DCSIMG

Coveney outlines priorities for the next six months

IRISH Farm Minister Simon Coveney has outlined Ireland’s plan for the six-month Presidency in the agri-food sector.

The key priority will be the reform of the Common Agricultural Policy (CAP), which will be of significant importance in shaping the future structure of the agri-food sector in the EU.

“We have a very busy six months ahead of us with a number of significant dossiers to be progressed. My aim is to achieve overall political agreement on the reform of both the CAP and the CFP by June 2013,” said the minister.

“In relation to the CAP we will be initially focused on getting agreement at the Council of Ministers, representing all 27 member states, before progressing to formal negotiations with the parliament and commission. In this we will be building on the excellent work of the three presidencies that have gone before us. Obviously the issues that remain to be decided are those that have proven most difficult in the negotiations to date, but I am fully committed to leading the council to an agreement.”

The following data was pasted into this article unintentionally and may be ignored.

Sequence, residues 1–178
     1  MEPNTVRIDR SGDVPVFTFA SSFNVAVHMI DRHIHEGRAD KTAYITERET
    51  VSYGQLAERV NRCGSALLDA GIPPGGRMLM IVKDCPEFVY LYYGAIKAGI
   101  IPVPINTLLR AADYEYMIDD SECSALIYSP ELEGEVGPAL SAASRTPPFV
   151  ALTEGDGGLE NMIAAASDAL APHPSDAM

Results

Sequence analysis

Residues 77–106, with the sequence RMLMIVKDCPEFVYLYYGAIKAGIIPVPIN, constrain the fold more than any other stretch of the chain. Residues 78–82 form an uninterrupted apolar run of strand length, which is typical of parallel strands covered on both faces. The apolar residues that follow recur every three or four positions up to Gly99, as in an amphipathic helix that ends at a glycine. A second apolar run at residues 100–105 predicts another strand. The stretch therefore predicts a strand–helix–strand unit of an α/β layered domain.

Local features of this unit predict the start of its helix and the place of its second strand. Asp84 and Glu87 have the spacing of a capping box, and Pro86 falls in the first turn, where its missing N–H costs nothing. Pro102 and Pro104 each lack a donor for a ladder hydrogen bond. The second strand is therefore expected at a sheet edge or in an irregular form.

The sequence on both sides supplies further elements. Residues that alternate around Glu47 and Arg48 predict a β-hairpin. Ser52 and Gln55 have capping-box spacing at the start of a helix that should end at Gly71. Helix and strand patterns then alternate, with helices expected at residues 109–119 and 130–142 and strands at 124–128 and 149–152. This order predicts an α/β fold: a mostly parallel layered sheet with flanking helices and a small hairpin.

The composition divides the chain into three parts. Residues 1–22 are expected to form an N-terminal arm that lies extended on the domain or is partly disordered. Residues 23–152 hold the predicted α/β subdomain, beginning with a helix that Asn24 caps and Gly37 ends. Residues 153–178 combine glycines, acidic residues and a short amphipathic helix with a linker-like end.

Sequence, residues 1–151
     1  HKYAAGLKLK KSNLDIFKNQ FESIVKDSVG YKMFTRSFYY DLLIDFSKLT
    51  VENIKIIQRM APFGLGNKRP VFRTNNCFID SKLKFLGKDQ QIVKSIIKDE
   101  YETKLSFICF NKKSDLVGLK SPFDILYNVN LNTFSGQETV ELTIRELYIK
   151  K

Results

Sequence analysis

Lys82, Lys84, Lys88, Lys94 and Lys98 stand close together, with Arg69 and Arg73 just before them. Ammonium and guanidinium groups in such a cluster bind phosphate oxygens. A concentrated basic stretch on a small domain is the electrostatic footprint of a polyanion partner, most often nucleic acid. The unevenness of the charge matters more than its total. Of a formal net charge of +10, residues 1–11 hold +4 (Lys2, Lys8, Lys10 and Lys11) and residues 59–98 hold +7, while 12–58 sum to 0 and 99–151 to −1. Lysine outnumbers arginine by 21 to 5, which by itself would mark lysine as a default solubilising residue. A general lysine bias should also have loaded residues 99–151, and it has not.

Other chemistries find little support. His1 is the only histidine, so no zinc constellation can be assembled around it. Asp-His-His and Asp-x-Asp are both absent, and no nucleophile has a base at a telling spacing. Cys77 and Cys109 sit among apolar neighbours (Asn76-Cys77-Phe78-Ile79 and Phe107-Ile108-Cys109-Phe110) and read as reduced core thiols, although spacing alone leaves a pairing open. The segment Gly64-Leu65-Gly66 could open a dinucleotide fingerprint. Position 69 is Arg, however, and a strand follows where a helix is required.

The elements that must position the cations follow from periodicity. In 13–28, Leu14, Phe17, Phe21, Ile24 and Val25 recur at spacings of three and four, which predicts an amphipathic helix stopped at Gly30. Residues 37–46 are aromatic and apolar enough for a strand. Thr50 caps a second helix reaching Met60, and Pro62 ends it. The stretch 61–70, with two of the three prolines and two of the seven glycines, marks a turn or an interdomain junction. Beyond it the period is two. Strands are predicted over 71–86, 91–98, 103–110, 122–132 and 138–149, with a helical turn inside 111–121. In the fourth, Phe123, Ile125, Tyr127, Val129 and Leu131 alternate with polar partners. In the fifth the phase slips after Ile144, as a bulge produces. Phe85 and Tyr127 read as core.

The minister acknowledged that these targets were very ambitious. He emphasised that in order to achieve them, for the CAP in particular, there must be a successful outcome to the discussions on the Multiannual Financial Framework as early as possible in 2013, there must be rapid progress on outstanding technical and political issues, and all three institutions (the European Parliament, the Council and the Commission) must engage actively in the negotiating process.

He continued: “I am optimistic about the prospects for agreement, but I am also keenly aware that we need real determination from all of the protagonists across all three institutions to commit to the process and to do what is necessary if we are to successfully conclude the reform of the CAP. I look forward to seeing that determination, and I will not be found wanting in providing the necessary leadership.”

Minister Coveney pointed to the importance of the CAP in providing the appropriate policy framework for growth and development of the agri-food sector across Europe. He stressed the role of the sector in contributing to Ireland’s economic recovery, grounded on the principles of sustainability and competitiveness.

“For the future, the challenge is to produce more to meet the increasing demands for food from a growing world population while at the same time maintaining production methods that are sustainable in all meanings of the word: economically, environmentally and socially,” he stressed.

 
 
 

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